Arthur Evans, born in York, Pennsylvania on October 12, 1942, died in San Francisco over the weekend, Michael Petrelis in San Francisco and Jim Fouratt in New York (via email) report. No cause of death was given.
Arthur Evans in Board of Education picket line (Photo Rich Wandel, New York Public Library)
In August 1969, two months after the Stonewall Riots, Evans and his lover Arthur Bell, who would later become an important columnist for the Village Voice, joined the Gay Liberation Front, a group described to him as “A bunch of stoned-out faggots!”
There is a good biography of Evans here. But of particular interest to LGBT history is why Evans left the Gay Liberation Front to start the Gay Activists Alliance with Marty Robinson and Jim Owles in November 1969. Evans, a student of philosophy, wrote GAA's mission statement based on the US Constitution.
Here's an excerpt from "GAA & the Birth of Gay Liberation" written by Evans and posted on Gay Today:
For the first time in our lives, Arthur Bell and I met a large number of gay men and lesbians who were proud of being gay, angry at being put down, and determined to do something about it in a big way. Furthermore, they saw gay oppression as part of a bigger picture--the systematic oppression of women, Blacks, students, the poor, and advocates of peace.
It was an exhilarating experience. In the previous year, I had demonstrated for peace at the Democratic Convention in Chicago, fleeing tear-gas-firing police, while Allen Ginsberg intoned “Ommmmm” to the heavens. In the same year, I had also demonstrated at Columbia University, where I was a graduate student in philosophy, after police raided the campus and clubbed hundreds of professors and students.
But in all my past demonstrations, going back to 1963, I had never made the connection between my being gay and my participation in demonstrations for peace and Black civil rights.
GLF made the connection. We are all oppressed by the same rotten system, GLF proclaimed. The answer is revolution for all. I agreed.....
For a while, the GLF rose bloomed. I helped to create a GLF cell, known informally as the radical study group. Most of the participants later became published authors….
Apart from the radical study group, though, I started to become disenchanted with GLF. The group insisted that it had no leaders, yet a few Non-Leaders were clearly calling many of the shots, although no one had elected them to do so. In addition, the same questions were often re-debated and re-decided, with little or no group memory from one meeting to the next. Finally, the group had no program of consistent street activism, only occasional spurts.... But they seemed to me to be withering on the vine because of the group’s gnarly decision-making process.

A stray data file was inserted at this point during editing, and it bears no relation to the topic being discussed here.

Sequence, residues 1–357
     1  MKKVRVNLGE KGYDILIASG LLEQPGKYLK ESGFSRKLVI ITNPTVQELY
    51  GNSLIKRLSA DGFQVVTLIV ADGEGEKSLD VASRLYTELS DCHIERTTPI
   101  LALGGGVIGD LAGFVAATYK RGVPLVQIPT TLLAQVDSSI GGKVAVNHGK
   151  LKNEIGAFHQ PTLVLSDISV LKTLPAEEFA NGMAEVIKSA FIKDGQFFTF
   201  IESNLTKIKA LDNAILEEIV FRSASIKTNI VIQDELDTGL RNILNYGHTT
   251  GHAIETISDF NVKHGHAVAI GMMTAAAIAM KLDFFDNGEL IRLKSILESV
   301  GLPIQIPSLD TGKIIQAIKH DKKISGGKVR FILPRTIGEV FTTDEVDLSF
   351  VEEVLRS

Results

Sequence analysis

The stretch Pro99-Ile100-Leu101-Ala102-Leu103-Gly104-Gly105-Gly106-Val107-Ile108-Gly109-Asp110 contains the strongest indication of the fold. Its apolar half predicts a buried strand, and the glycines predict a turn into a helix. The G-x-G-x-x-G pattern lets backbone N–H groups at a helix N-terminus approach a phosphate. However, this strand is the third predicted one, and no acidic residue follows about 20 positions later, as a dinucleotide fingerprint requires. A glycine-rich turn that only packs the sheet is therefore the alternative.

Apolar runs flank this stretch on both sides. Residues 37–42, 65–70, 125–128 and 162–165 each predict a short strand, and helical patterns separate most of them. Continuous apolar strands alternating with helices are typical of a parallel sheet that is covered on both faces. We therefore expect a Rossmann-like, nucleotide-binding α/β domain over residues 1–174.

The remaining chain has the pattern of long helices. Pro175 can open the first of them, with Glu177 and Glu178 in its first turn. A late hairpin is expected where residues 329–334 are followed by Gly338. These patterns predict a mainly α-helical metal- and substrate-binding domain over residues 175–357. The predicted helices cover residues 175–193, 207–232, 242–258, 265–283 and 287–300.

Matters came to a head when a proposal was made to donate $500 (a big sum then) to the Black Panther Party. Proponents said that such a contribution was needed to show gay solidarity with the Black power struggle. Opponents argued that the Panthers were abusive to women and gay people, and that gay groups should first attend to gay needs.
The Non-Leaders backed the proposal and carried the day. They did so by labeling their opponents as racist, imperialist, assimilationist, reformist, reactionary, and counter-revolutionary. Apart from the substantive issue at hand, an ugly procedural precedent had thus been established in GLF: the use of ideological name-calling, rather than rational argument, to win people over.
Evan met Robinson and Owles, who was more interested in street activism than "ideological consciousness-raising." Evans continues:
Arthur Evans (Photo via Gay Today)
Both Marty and Jim saw the debate over the Panthers as exposing fatal flaws in GLF: The group was not primarily concerned with gay matters. It was disconnected from the lives of ordinary gay people. It lacked a rational, democratic structure. It didn’t do much.
In November 1969, Jim suggested that we and some other friends think about creating a new group. Jim wanted the group to engage the political system, but without becoming entangled in it. The solution: the group would question candidates for public office, publicize their response, but never endorse any candidate or political party. We would rock the system without becoming a part of it! [They used "zaps" to non-violently and publically confront "our oppressors."]